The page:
The Vanguard Total Bond Market Index Fund is designed to track the entire spectrum of US bonds (well, those that are publicly-traded, taxable, and investment-grade). It is the second-largest bond fund out there, with $160 billion in assets and behind only the PIMCO Total Return Fund. It is available to retail investors as a mutual fund (VBMFX/VBTLX) or ETF (BND). If you own a Vanguard Target Retirement or LifeStrategy fund, you own some version of this fund. Let’s take a closer look.
Vanguard founder Jack Bogle wrote an article called The Bond Index Fund which talks about how the Vanguard Total Bond Index fund got started and its subsequent performance:
It’s now 25-year lifetime rate of annual return averaged 6.9 percent, a nice margin of 1.2 percentage points over the average 5.7 percent rate of return of its taxable peers. That superiority comes despite the Fund’s assuming far less credit risk, for the fund (and the bond market index itself) typically hold more than 70 percent of assets in securities backed by the U.S. Treasury and its agencies, including mortgage pass-through certificates. Compounded, the appreciation of a $10,000 investment made at the close of 1986 was remarkable: average actively-managed bond fund $29,900; Vanguard’s passively-managed bond index fund, $42,600—an enhancement in profit of more than 40 percent. This stunning advantage once again reaffirms the timeless truism: Never forget either the magic of long-term compounding of returns, nor the tyranny of long-term compounding of costs.
You have to admit, this historical growth chart looks pretty good:
So, what’s inside this bond juggernaut? For that, we look at the popular benchmark Barclays US Aggregate index, which started in 1986. As it is a market-cap weighted index, the composition shifts constantly over time. The iShares blog has an illustrative chart:
What do all those acronyms mean?
- US Treasury. Bonds issued and backed by the US government, including Treasury notes and bonds. (Nominal only, TIPS are not included.)
- US MBS. Mortgage-backed securities, backed by residential mortgages and packaged by Ginnie Mae, Fannie Mae, Freddie Mac, and others including private issuers.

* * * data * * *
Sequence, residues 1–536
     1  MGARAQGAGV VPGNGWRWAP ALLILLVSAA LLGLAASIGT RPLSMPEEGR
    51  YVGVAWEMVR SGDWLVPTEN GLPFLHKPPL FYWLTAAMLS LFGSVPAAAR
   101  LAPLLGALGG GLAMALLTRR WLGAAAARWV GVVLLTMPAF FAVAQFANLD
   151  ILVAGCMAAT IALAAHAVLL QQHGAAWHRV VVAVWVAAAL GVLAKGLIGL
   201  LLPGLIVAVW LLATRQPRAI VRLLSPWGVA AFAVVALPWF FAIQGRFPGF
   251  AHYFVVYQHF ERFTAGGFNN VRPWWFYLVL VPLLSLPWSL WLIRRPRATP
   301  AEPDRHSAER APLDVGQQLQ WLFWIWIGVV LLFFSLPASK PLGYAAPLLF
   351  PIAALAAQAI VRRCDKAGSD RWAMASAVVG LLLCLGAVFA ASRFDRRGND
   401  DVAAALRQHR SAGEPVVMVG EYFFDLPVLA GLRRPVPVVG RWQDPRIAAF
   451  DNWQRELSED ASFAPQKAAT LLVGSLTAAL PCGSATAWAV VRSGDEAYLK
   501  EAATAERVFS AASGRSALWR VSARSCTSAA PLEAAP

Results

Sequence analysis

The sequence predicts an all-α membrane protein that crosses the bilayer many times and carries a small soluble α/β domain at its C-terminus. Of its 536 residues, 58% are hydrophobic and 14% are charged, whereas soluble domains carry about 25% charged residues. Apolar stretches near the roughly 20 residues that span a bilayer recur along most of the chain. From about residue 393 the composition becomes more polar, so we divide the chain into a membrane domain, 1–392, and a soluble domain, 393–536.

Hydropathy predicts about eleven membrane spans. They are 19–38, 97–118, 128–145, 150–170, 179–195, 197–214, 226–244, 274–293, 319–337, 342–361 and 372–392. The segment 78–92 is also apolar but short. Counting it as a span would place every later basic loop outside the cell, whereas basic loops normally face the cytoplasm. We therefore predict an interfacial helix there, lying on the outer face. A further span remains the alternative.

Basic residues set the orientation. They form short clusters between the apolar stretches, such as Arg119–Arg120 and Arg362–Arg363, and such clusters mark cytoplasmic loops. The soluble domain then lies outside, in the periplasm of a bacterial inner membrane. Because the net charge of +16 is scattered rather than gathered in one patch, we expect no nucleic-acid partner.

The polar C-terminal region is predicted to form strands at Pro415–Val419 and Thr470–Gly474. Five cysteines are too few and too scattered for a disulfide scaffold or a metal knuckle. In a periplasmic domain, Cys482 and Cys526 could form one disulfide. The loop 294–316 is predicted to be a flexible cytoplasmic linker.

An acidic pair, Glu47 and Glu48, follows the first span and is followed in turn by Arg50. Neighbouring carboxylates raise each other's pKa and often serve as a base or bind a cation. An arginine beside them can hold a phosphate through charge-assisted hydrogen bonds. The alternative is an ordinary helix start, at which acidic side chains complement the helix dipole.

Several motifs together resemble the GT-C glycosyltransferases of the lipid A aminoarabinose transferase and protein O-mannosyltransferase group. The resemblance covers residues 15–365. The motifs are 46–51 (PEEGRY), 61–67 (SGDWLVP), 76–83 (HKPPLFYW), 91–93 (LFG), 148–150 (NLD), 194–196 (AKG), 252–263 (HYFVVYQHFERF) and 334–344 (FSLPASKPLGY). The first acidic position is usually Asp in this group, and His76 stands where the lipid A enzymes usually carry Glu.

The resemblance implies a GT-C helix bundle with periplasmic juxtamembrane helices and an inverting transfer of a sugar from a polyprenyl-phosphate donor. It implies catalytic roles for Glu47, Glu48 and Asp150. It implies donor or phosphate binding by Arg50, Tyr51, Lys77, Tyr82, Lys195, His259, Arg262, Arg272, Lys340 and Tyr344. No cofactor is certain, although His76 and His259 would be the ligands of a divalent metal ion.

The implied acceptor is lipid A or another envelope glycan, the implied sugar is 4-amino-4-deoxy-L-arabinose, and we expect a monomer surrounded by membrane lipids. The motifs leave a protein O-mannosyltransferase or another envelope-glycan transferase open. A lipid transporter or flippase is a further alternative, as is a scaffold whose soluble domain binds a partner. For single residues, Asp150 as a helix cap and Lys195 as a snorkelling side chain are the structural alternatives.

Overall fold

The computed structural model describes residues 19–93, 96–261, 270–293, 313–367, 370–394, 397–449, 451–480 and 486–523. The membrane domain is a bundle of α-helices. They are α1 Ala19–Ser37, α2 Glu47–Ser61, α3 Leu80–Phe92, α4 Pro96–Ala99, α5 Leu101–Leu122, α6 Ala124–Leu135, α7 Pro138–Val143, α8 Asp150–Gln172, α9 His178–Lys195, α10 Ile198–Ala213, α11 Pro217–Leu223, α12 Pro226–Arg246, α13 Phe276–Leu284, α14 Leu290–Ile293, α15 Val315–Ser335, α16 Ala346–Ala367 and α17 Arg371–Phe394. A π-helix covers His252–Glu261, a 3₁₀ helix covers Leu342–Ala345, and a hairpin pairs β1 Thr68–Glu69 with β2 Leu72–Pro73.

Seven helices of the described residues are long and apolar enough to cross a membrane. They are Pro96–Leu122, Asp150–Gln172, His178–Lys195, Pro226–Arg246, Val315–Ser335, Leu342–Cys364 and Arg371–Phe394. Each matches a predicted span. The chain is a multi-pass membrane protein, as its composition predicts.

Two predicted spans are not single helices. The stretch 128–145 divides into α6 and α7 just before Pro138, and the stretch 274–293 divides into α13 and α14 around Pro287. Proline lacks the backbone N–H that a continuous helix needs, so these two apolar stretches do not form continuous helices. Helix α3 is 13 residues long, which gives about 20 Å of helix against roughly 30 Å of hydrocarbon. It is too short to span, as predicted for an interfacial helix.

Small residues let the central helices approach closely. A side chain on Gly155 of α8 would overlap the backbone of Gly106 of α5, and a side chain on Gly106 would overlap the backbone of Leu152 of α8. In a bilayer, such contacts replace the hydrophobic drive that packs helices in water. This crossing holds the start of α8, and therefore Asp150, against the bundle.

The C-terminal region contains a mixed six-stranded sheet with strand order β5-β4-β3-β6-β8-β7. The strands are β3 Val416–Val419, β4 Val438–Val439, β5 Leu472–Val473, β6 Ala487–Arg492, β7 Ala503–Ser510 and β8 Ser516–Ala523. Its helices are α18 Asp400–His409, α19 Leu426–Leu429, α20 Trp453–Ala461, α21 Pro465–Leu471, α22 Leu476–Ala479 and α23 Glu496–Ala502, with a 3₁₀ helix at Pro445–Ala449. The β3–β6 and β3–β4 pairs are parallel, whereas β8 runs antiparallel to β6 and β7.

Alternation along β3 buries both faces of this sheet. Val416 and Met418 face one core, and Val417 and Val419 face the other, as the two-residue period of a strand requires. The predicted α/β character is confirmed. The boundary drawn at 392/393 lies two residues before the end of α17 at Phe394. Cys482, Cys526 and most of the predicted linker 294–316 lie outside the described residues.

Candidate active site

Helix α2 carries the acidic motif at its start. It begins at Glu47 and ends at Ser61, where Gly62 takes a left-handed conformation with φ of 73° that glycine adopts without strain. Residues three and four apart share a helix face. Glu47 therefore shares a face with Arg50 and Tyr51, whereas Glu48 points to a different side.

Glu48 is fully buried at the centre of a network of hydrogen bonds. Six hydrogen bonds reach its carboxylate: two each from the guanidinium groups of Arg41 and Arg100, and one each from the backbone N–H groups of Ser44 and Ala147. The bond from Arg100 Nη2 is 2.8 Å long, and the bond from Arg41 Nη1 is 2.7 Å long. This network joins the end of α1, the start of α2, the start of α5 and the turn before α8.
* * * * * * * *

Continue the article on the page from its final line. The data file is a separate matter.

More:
- US Credit. Securities issued by corporations with investment-grade ratings from the major ratings agencies.
- US Agency. Securities issued by a Federal Agency or a government-sponsored enterprise like Fannie Mae or Freddie Mac. These are either explicitly or implicitly backed by the US government.
- CMBS. Commercial Mortgage-backed Securities, backed by commercial property mortgage loans.
- ABS. Asset-backed Securities, backed by things such as consumer auto loans, credit card debt, and home equity loans.
Circling back to the Bogle article, he points out that this index is again very heavily weighted towards US government-backed bonds at over 70%. These days, this means the Total Bond Index Funds a really low yield of about 1.6% (as of October 2012). He suggests that we can’t ignore the risk of rising rates and we should look into a new Total Corporate Bond Index Fund which would include all the maturities and have an estimated yield of about 3.0%. I find this interesting, as I myself am also avoiding Treasury bonds due to their low yields. In this Reuters article about his personal portfolio, Bogle shares that he holds Vanguard Intermediate-Term Tax-Exempt (VWITX), which currently has the same yield of about 1.6% – but exempt from Federal income taxes! So basically, he’s saying it’s not a bad idea over the long-term to hold a low-cost, diversified fund of investment-grade bonds with their higher yields. Interesting.
Disclosures: I don’t own any Total Bond Index. I do own Vanguard Intermediate-Term Tax-Exempt and Vanguard Limited-Term Tax-Exempt funds as I’m out of tax-deferred space for my bonds. I also own PIMCO Total Return because that’s the cheapest bond fund available in my 401k; at least I get access to the cheaper institutional shares.